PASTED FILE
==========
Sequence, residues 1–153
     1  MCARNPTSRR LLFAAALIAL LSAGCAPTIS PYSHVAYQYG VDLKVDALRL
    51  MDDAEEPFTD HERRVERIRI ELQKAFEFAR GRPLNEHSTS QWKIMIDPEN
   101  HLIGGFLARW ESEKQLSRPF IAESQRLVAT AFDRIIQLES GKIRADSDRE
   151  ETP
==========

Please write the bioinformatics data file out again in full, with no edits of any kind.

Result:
Sequence, residues 1–153
     1  MCARNPTSRR LLFAAALIAL LSAGCAPTIS PYSHVAYQYG VDLKVDALRL
    51  MDDAEEPFTD HERRVERIRI ELQKAFEFAR GRPLNEHSTS QWKIMIDPEN
   101  HLIGGFLARW ESEKQLSRPF IAESQRLVAT AFDRIIQLES GKIRADSDRE
   151  ETP